For something to function as a sign of something the sign must have an interpretant. Peirce’s contribution to the problem of interpretation was determinant: a) the significant relation always involves three terms: “A Sign, or Representamen, is the first one, which has such a real triadic relation to the second one, known as its Object, that it is able to determine a third one, known as its Interpretant, so that the latter may take on the same triadic relation in the eyes of the said Object as the one between Sign and Object” (2.274). In broad terms, the Interpretant is the sign’s meaning; narrowed down, it is the paradigmatic relation between one sign and the other: hence, the interpretant is always a sign, which will have its interpretant, etc.; b) Peirce acknowledges the diversity of signs and their irreducibility to the functioning of the linguistic sign. This can be seen as collaboration between three instances: the object, the sign as such and the interpretant. In other words, that which is represented, that which it represents (the representamen) and the mediation operated between sign and object. Crossing different criteria, Peirce distinguishes 66 varieties of signs. Some distinctions have become commonplace: type and token or legisign and sinsign, as well icon, index and symbol.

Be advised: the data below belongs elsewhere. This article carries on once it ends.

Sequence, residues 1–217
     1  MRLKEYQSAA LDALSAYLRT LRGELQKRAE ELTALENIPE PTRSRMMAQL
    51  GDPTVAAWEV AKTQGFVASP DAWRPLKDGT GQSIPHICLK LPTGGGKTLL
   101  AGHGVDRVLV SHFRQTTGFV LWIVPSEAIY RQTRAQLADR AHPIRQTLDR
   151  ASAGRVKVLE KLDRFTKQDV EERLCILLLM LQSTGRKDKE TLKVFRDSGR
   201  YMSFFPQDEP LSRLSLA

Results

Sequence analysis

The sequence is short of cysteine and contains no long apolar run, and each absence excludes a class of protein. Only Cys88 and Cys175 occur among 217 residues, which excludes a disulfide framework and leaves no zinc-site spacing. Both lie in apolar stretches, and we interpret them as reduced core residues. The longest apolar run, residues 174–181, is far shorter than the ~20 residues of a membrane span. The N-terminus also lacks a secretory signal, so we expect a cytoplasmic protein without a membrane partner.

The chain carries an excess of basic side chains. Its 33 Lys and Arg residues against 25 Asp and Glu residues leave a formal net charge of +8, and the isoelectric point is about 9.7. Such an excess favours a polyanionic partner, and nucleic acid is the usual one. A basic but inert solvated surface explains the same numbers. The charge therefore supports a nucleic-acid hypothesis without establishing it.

All interpretants are signs, and all signs are interpretants. Both the object and the interpretant are part of the sign (or representation process): the latter may only be defined in its relation with the object and the interpretant. “A sign is addressed to someone, i.e., it creates an equivalent Sign in that person’s mind (...). I call Interpretant the Sign s/he creates” (2.228). Interpretant and interpreter should not be mistaken. The interpretant is an objective property inherent to the sign, a general logical type, whether there is any interpretative act regarding it or not. The interpretant’s future is an effect of the sign as such: it does not depend on a subjective act of interpretation. “The interpretant is nothing but another representation” (1.339). The interpreter is the specific individual engaged in the semiotic processes; the interlocutor when there is communication. A sign, by definition, is not the object: its relation to a possible object demands its interpretation. The interpretant is thus the instrument used by the interpreter in interpretation. It may be the meaning he gives to a road sign, the connotations he associates to a specific sign, the acknowledgement of iconic traces, the reference to a member of the wine bottle class, in the case of an ostensive sign, in which the guest shows the butler his empty bottle. If different interpreters operate different interpretations of the same sign, it is because they mobilise different interpretants. In fact, it is possible to find several interpretants for the same sign: it is resorting to separate interpretants which makes it possible for a score to be read in silence, sung or performed by instruments. The interpretant is therefore dynamic. The interpretant is at the same time the end result of an experience and an action: it is about making connections between objects and signs. In an index, for instance, the interpretant is the relation between the visual perception of a wet round stain on a table and the fact that a wineglass was on this table before. Yet the interpretant may be a general law that becomes so through induction (Newton, as he enunciated the law of gravity from his observation of falling apples), our explanation of a phenomenon. It may be a gesture or a bodily attitude (“Lay down arms!”). In a semiotic theory which mobilises the notion of interpretant, the meaning of a sign is not just a simple return within a closed system; it is the sign’s action on the interpreter. One may also say the interpretant is dynamic because the interpretation process is, in principle, unlimited. To understand this, one needs only see that the interpretant of a sign may always be described as another sign. The meaning of a word in a dictionary is a sign; that of a sign on the Highway Code is another sign. A bodily attitude in response to an order is a sign (through “submission”, for instance), as is a score or the formula of a law of physics. If a sign’s interpretant is another sign, the latter will in turn have an interpretant, which is itself a sign, and so one and the same object may be analysed according to different interpretations, allowing for new or contradictory interpretations. Although the chain of interpretants is unlimited in principle, in practice it is frequently interrupted. The function of a habit is to fixate, and therefore interrupt, the chain of interpretants – a triangle on the hard shoulder on a road does not allow for new or contradictory interpretations.